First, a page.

So when we dug in and conceptualized the Virgin Pulse Watch app we first focused on replicating what we saw as the main features of the watch. We created a Watch version of each of the features on the iPhone. We built clickable mockups and tested them. What we learned surprised us. Most features were not useful as Watch features...in fact most were actually harder to use there. The small screen size completely changes the game: the larger screen of the iPhone makes most features easier to use because there is just so much more room to display content and actions.

We discovered that the only features worth replicating were those that were actually better on the Watch. Not just the same, but easier, faster, or more delightful. For example, one of the core features of the Pulse platform is the healthy habits list: the list of habits you are trying to improve each day. This was one of the few features we did bring over to the Watch because we could make them easier and faster to enter there. When you open the Watch app you can tap extremely quickly to complete those habits you've done that day. But we did not bring over the whole healthy habits feature set. We left much of the functionality around managing and learning about habits to the iPhone and Web experiences. Those experiences are much better on those platforms. In the end we only brought over the small fraction of the feature, a small fraction of our original


We designed a catchy but extremely simple notification system for the Pulse Watch app.

Lesson #2: Notifications Rule

So if the basic advice is to keep features in the iPhone app and not replicate them in the Watch, then what does your Watch app become? What should you build?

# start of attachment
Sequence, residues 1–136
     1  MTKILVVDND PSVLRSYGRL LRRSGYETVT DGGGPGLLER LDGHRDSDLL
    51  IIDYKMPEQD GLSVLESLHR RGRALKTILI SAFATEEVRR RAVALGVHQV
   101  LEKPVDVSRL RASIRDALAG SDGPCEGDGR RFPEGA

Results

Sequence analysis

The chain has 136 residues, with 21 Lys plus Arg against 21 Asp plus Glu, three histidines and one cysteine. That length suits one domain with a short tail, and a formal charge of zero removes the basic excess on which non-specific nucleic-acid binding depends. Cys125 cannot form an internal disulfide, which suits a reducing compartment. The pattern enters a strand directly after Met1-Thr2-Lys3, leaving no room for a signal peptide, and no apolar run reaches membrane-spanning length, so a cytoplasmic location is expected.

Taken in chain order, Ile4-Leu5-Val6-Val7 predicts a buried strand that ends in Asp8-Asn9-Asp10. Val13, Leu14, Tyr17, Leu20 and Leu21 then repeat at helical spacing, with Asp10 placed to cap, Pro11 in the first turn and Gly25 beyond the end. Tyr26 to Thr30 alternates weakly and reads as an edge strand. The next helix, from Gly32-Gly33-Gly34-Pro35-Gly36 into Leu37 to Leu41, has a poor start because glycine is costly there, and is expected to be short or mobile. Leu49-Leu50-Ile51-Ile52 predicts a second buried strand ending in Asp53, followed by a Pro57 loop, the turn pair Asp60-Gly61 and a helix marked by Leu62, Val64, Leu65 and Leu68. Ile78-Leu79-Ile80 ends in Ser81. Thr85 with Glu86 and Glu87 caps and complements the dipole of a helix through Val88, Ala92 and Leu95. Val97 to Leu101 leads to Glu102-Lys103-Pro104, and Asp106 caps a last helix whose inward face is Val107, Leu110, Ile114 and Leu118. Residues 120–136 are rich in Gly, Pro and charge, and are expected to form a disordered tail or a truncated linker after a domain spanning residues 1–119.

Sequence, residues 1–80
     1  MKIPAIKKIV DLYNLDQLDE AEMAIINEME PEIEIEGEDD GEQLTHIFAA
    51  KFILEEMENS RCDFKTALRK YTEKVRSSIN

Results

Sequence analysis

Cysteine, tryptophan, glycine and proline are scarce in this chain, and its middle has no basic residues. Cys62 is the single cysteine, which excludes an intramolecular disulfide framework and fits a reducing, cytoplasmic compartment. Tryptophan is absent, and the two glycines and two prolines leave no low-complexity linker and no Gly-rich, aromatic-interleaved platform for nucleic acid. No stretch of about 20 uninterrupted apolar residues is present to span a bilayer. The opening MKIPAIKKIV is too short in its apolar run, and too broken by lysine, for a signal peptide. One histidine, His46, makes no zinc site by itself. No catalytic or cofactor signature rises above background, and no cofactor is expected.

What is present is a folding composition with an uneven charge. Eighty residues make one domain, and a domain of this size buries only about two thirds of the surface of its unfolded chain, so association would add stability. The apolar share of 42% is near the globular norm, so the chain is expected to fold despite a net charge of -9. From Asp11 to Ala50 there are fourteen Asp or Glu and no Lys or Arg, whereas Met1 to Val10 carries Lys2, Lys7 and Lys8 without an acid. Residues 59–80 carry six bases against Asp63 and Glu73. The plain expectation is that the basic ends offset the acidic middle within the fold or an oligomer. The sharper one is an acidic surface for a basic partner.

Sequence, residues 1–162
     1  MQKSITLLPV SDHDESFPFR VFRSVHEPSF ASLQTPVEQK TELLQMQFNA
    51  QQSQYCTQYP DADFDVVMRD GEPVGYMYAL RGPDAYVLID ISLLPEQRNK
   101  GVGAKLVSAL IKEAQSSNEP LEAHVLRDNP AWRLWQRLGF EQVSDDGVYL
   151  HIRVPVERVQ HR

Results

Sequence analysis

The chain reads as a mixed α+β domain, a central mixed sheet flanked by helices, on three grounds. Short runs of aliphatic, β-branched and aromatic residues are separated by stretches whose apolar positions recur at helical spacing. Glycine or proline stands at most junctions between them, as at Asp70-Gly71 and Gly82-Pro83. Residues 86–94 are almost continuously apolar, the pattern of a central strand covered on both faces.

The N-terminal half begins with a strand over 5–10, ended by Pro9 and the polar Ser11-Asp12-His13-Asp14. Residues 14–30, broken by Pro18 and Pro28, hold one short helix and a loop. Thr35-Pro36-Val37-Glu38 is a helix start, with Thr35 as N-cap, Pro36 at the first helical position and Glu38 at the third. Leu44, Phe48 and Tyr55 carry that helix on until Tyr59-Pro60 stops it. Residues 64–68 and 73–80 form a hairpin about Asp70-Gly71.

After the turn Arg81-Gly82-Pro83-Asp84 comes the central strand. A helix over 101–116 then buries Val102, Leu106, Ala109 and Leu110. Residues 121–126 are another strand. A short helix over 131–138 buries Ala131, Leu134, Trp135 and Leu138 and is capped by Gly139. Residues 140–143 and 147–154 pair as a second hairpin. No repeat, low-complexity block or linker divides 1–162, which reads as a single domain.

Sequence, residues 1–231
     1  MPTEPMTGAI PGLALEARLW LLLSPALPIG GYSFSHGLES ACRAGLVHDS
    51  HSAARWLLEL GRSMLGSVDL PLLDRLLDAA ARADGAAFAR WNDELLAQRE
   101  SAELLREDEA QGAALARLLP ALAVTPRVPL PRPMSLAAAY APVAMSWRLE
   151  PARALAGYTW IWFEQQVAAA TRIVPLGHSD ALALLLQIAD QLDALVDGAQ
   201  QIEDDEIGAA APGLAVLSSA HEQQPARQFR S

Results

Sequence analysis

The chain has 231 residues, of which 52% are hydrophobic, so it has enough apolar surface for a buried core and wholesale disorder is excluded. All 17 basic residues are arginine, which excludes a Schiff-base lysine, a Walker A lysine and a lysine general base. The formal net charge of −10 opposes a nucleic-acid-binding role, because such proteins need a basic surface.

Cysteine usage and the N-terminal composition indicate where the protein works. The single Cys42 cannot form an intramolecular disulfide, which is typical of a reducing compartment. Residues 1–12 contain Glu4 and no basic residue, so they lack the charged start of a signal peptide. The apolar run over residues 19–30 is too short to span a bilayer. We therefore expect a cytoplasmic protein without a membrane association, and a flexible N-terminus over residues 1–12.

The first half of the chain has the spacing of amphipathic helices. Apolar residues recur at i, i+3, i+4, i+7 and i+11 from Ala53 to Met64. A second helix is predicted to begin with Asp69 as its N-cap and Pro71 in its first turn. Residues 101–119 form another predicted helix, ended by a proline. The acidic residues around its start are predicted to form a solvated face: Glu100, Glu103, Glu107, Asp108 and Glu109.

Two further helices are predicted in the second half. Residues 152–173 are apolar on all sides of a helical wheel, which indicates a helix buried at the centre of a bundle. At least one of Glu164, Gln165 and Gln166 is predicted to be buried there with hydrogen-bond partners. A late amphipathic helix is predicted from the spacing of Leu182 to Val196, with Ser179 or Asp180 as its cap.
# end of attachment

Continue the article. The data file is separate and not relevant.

To help figure this out we talked to a lot of Watch owners about what was working well for them. When we asked them what apps they use and like on their Apple Watch the answer was invariably apps that delivered intelligent notifications. This was fascinating...that answer was consistent across the board. People are not using Watch apps as much as they are merely receiving quick notifications about their lives. So Watch software is, in a sense, a notification framework for your iPhone app. The Watch is merely the delivery device for it.

Further, when we talked to folks at Apple about the Watch, they said the same thing. Think of the Watch as something you interact with in single glances and taps and focus a lot of energy on making notifications valuable.

So as we built out the Virgin Pulse app we made sure to pay close attention to our notification strategy. As the saying goes, timing is everything, so we chunked notifications around certain times of day and made sure they were actionable. This was crucial to creating valuable notifications. Making notifications actionable was the number one variable in making them valuable. It doesn’t mean that users have to respond to a notification, but the information needed to be valuable enough that it might change the user’s behavior during the day. Notifications rule.


We designed the complications to show information that changes frequently.

Lesson #3: Emphasize the Strengths of each Watch UI Element